At the end of the day, the topic of carrying spare ammunition boils down to a personal decision based on risk assessment and self-defense. The main concerns of those who choose to carry spare ammunition are optimal discretion, easy access, and draw speed. Considering the increasing accessibility of ammunition, with certain limitations on ammo sales being lifted, more people may consider carrying spare ammunition.
There is a limited range of mag holders on the market in comparison to gun holsters, but where there’s a will, there’s a way. No matter what your body type, attire, or mag size might be, there is a way to discreetly carry your spare mags without sacrificing too much in the way of access and comfort.
Consider Your Carry
Your choice of pistol for concealed carry will be the deciding factor on how many spare mags you can conveniently conceal and the best place to store them. Some people choose a revolver as their weapon of self-defense and are limited to speed loaders or speed strips, which people often find more difficult and uncomfortable to conceal on their person. If this is the case and concealment is the priority, you’ll find that speed strips are less bulky than speed loaders.
The most popular ways to carry spare mags for most autos are with mag holsters that clip to your belt, the inside of your waistband or inside various pockets on your shirt or pants. Other ways to carry your spares are with plastic pocket mag holders, shoulder holsters, and ankle holsters. Your average attire will help decide which carry option is most discreet and convenient for you.
Keep in mind that access and draw speed should always trump concealability and convenience. Even if you don’t think you’ll ever need those extra rounds, malfunctions do happen, especially with semi-autos, and if your magazine fails, you’ll be glad as you drop it out and slap in your spare.
Access and Draw Speed
The chance of you needing spare ammunition for an altercation is slim and yet it’s unlikely that anyone has ever said, “I wish I had less ammunition” after a confrontation with an armed threat. It’s better to be safe than sorry, so if you’re going to carry a spare mag, carry it somewhere you can quickly access it with ease. If you find yourself in danger, you won’t have time to fumble around trying to retrieve your mag from its concealed location.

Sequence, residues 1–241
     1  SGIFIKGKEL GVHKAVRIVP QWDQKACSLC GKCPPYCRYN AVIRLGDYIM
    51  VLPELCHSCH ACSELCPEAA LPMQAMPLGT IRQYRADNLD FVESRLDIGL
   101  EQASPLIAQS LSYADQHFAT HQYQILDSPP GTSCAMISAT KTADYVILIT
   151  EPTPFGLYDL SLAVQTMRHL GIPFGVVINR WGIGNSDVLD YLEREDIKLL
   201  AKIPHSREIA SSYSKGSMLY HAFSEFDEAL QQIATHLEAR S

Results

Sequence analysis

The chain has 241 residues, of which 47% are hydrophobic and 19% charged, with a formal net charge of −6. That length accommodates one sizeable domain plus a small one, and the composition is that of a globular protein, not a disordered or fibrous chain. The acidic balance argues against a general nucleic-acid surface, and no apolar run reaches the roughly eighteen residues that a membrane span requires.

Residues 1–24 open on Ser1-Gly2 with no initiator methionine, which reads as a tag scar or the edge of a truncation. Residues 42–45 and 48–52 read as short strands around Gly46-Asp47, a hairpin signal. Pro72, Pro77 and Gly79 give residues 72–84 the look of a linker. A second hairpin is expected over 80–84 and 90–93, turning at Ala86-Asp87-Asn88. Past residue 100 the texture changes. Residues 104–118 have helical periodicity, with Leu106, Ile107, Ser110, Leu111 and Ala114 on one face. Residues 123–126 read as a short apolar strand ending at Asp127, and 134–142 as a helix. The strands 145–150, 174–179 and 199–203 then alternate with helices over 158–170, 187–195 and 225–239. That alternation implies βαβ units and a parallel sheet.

An adjustable horizontal mag holster for the belt or inside the waistband is a popular option because of its range of positions. It offers concealment and ease of access in a variety of situations and caters to the wearers drawing preference with its adjustable angle. Even in a sitting position, whether in a vehicle or at a restaurant, a horizontal mag holster can be worn in the cross draw position for extremely fast access.
If your daily attire includes cargo pants, you could use a mag pouch or pocket holster that you can easily access without adding to the items you carry around your waist. It’s possible but difficult to conceal a shoulder holster for your spare mags, but if your attire allows it, you’ll find it very easy to access your mags on your weak side when needed.
If You Don’t Use It, You Lose It
Some holsters are easier to draw from than others, so consider the most comfortable place for you to reach for your spare mag and find a mag holster that accommodates your natural movements. An ankle holster might not be convenient for speedy access, but if you can’t carry in another way, you’ll have to learn to access the spare quickly.
There is nothing more important than practice. Reloading your sidearm is something you should practice as often as you practice your marksmanship. You want it to be as seamless and natural as possible. A great way to practice reloading is by practicing with an empty mag a few times every morning after strapping on your concealed carry. This daily reminder can shave seconds off your reload time, which could make all the difference.